Whether by luck or merely the astute observations of a company employee, a Schellville pallet manufacturer dodged a major catastrophe early Thursday when fire broke out in a heat treatment box in the middle of a yard piled with wooden pallets.
The 5:27 a.m. blaze sent flames shooting skyward from the propane-fueled, 53-foot metal box at Sonoma Pacific Co. where pallets intended for overseas shipment are heated to ensure they are free of pests, materials manager Jim Vallandingham said.
Fire also began spreading to 45-foot stacks of pallets stored next to the drying box, Schell-Vista Fire Chief Ray Mulas said.
?We have a million pallets around here, so we?re just lucky - very lucky - that this whole place," Vallandingham said, his voice trailing off. ?We?ve got eight acres here. It could have just ignited. It?s just millions of pallets.?
The company yard is located on Fremont Drive near the juncture of Highways 12, 121 and Broadway, where the Schell-Vista Fire station stands, ?across the street, basically,? Mulas said.
But tall stacks of tightly stored pallets made access to the fire a challenge, requiring lots of moving and shifting of semi trailers and materials in order for engines and water tenders to get in.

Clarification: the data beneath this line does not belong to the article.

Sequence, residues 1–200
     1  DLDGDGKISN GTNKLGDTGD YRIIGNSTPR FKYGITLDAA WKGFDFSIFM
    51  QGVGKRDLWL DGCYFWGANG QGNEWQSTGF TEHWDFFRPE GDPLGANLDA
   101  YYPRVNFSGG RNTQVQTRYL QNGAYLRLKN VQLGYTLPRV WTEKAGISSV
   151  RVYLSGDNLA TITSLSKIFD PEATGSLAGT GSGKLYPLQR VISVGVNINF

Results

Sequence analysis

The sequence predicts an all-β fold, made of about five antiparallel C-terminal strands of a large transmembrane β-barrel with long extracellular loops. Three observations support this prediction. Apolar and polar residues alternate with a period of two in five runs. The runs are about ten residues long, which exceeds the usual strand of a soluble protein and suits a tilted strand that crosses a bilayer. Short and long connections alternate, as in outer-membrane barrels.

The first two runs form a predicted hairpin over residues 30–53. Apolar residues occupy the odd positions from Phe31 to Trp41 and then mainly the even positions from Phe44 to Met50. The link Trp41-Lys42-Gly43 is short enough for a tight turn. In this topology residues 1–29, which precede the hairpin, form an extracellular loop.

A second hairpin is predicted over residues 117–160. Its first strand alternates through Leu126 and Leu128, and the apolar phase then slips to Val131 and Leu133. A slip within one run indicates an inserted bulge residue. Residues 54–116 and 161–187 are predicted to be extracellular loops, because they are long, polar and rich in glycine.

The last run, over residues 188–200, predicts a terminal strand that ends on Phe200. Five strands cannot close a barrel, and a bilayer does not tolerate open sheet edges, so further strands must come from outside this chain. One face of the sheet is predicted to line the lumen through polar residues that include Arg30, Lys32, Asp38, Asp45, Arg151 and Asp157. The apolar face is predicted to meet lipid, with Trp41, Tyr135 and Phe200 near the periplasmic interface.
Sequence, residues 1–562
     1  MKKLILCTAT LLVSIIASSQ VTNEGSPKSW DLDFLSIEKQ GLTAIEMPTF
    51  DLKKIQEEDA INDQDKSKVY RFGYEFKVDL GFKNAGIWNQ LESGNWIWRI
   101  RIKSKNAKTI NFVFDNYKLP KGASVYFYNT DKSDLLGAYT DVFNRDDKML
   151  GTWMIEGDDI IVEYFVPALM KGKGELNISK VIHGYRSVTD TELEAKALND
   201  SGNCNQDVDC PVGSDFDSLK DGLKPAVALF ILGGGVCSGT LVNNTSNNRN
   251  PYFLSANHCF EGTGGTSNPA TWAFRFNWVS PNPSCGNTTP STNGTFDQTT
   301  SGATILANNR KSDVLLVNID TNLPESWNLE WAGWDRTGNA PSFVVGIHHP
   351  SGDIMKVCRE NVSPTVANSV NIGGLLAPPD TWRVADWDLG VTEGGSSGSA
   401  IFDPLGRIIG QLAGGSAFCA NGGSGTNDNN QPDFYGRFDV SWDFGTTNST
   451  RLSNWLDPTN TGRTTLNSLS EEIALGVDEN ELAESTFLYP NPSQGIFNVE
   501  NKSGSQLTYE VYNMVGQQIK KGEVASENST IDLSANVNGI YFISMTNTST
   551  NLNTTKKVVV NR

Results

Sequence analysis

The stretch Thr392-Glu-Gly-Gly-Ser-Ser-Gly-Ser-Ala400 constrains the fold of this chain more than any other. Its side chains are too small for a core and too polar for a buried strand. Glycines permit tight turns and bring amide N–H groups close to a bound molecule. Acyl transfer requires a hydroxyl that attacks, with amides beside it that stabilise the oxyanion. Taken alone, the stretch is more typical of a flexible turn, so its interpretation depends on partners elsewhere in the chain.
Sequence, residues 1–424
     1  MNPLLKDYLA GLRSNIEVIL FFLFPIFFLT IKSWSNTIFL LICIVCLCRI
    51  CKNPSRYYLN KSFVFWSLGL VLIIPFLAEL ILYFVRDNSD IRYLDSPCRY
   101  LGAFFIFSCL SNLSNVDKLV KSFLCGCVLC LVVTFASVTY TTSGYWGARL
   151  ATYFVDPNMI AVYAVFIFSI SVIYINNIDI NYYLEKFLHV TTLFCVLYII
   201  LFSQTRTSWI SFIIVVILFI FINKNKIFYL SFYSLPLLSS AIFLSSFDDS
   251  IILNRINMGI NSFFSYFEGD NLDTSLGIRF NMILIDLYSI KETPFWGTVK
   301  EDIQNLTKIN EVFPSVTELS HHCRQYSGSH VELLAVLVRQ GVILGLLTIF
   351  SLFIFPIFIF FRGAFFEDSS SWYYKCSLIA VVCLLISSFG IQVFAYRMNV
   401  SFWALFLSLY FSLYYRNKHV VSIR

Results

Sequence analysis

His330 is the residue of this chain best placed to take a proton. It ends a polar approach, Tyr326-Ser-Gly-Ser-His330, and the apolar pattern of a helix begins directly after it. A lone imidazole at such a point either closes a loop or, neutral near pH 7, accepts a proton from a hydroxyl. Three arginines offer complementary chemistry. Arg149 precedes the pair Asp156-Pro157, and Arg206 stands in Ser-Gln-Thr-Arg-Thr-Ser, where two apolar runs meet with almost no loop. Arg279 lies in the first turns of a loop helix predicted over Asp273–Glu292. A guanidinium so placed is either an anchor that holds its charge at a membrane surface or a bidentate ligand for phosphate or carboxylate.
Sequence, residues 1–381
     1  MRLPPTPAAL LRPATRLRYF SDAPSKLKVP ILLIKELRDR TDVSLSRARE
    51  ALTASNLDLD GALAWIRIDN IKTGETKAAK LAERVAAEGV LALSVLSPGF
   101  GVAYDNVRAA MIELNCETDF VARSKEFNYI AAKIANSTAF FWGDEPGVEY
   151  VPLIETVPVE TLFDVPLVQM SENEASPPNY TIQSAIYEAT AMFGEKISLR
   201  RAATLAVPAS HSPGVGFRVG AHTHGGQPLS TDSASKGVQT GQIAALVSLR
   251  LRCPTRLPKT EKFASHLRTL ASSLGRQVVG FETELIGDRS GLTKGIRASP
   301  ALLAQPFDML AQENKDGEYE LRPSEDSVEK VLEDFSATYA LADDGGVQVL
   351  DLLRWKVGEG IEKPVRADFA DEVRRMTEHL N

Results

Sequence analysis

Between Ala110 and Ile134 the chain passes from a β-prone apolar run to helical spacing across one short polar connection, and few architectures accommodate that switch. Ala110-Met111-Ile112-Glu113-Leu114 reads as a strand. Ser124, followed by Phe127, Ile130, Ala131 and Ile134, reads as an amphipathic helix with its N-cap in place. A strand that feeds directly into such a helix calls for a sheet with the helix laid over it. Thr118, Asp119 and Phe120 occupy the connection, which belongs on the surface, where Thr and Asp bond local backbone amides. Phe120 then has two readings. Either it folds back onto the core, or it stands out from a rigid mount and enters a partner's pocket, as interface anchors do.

Mulas likened the setting to a forest filled with dried fuel, ready to light off at the first spark.
?This is our Yellowstone, but we caught it,? Mulas said. ?We got there, we hit it hard ? kind of blitz attacked it ? and held it in check.?
?If the wind was blowing,? he added, ?we would have had three to four acres of pallets at 20-foot-high involved.?
Mulas said it was only the fourth time the heat treatment box had been used, and it appeared it was loaded incorrectly.
He said dense blocks of stacked 4-by-6-inch lumber were loaded at one end of the box, while pallets were placed close to the heat source. When censors in the dense wood indicated moisture was still present, the drying unit put out more heat than the less-dense pallets could handle.
?Basically it just cooked the pallets until they burst into flames,? Mulas said.
Luckily, work around the yard starts at 5 a.m., Vallandingham said.
One of the workers noticed steam from the heat treatment box and, after making his rounds of the yard, black smoke, Mulas said.
When he opened the unit, flames burst out. After applying a chemical retardant, he called 911.
Mulas said the yard was scheduled for its annual inspection May 31 but the inspection was moved up to Thursday because of concerns about fire access and wood storage.
?Those are the issues that are going to be addressed,? he said.